I had a “best friend” once. A long time ago. And things were good. We enjoyed each other’s company just enough to make it fun, and we annoyed each other just enough to keep it interesting. Our discussions were substantive and our interests were more-or-less similar. He was my best man, and I his. And then we both became teachers. And that was cool too. But then, I made the unfortunate choices which changed everything about everything, forever.

He disavowed our friendship after my release from prison (along with his entire family) and I, clearly, did not deal well with losing my best friend. I saw him in public about a year ago (a few months after my release), and he wanted to shake my hand. I obliged, then walked away, snarkily remarking to him, “Well, this is awkward.” I was subsequently informed that my actions had offended him, and so, feeling as though I had the upper-hand, decided to fire-off an extremely honest and extremely vulgar and extremely rude email to him.

He never replied.

Listen: I meant every fucking word of that email, and I wish I’d never sent it. I was brutally honest – too honest. He ended our friendship for reasons that were valid to him, no matter how ridiculous I may perceive those reasons to appear. And rather than accepting his perspective, I lashed out.

And therein lies my hypocrisy.  There is no way I can expect him (or anyone) to forgive me for what I’ve done without first forgiving the things that others have done to hurt me, even if I was deserving. I cannot demand forgiveness while simultaneously refusing to forgive.

I’m not writing about losing a friend; I’m writing about forgiving a friend – a former friend. Should he choose to forgive me, then so-be-it. But I ask for no such gesture. Instead, I have come to my own peace by forgiving him for the way in which he hurt me, deeply, when I was in need of a best friend. I will likely never talk to him again, and I’m fine with that; but that is immaterial to the overall point: In order to be at peace with this particular aspect of my life, I must first forgive, whether I am forgiven or not.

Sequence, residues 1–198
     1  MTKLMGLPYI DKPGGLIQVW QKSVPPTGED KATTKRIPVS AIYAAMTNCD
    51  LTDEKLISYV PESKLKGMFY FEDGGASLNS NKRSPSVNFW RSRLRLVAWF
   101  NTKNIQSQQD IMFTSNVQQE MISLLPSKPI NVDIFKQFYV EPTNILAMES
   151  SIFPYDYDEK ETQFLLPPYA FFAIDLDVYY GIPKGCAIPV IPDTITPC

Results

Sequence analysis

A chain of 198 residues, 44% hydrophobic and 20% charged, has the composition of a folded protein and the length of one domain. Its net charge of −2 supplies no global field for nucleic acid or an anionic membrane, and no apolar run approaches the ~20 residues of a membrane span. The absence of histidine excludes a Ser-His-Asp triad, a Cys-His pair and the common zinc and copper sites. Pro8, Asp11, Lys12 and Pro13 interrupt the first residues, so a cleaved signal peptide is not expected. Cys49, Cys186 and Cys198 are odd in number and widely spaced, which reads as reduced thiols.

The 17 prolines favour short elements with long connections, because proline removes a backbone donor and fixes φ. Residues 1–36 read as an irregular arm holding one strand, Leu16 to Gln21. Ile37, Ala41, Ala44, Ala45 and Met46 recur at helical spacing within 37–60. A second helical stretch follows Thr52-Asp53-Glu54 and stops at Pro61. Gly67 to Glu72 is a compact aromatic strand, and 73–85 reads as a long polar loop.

And yet, the reality is this: Whether or not he forgives me as I have forgiven him, the friendship is, for all intents and purposes, dead.

So it goes.

Goodbye Blue Monday

The first book I ever read, cover-to-cover, was Breakfast of Champions by Kurt Vonnegut. This book is quite bizarre and moderately complex, but in it (in one of my favorite scenes, early in the book), the reclusive fictional science fiction writer named Kilgore Trout is invited to be the keynote speaker at an event in which he is required to wear a tuxedo. And as he takes his tuxedo out of an old trunk to clean it up, Kilgore Trout converses aloud with his parakeet, Bill.

He dabbed at his tuxedo with a damp rag, and the fungi came away easily. “Hate to do this, Bill,” he said of the fungi he was murdering. “Fungi have as much right to life as I do. they know what they want, Bill. Damned if I do anymore.”
Then he thought about what Bill himself might want. It was easy to guess. “Bill,” he said,

“I like you so much, and I am such a big shot in the Universe, that I will make your three biggest wishes come true.” He opened the door of the cage, something Bill couldn’t have done in a thousand years.

Bill flew over to the windowsill. He put his little shoulder against the glass. there was just one layer of glass between Bill and the great out-of-doors. Although Trout was in the storm window business, he had no storm windows on his own abode.

“Your second wish is about to come true,” said Trout, and he again did something which Bill could never have done. He opened the window. But the opening of the window was such an alarming business to the parakeet that he flew back to his cage and hopped inside.
Trout closed the door of the cage and latched it. “That’s the most intelligent use of three wishes I ever heard of,” he told the bird. “You made sure you’d still have something worth wishing for – to get out of the cage.”

My wife and I love to travel. She is the absolute best travel companion. And when we travel, we go meet people we don’t normally meet and do things we don’t normally do and feel ways we don’t normally feel and see things we don’t normally see – We live life as we don’t normally live. It is a sweet escape, but admittedly, it would be nothing without her.

We just returned from Dallas, visiting some old friends and seeing some beloved family and enjoying one of my favorite cities. Saturday night we went to dinner with a few friends we only see a few times a year, and we talked about this-and-that, including our occupations, the banalities of life, and for us, joy of the road trip away from Wichita, etc. And during our dinner conversation, I made the comment that I didn’t particularly enjoy living in Wichita because the amount of negative history I have there and how nice it is to be in a city like Dallas where no one knows me, so I don’t have to worry about “running into” someone from the past (such as a former student or colleague – not that I mind this at all; I’ve never had a negative experience with this, and in fact, each one has been positive). But all-the-same, it’s nice to walk into a restaurant and not feel the need to scan the crowd to make sure there’s no one there I know.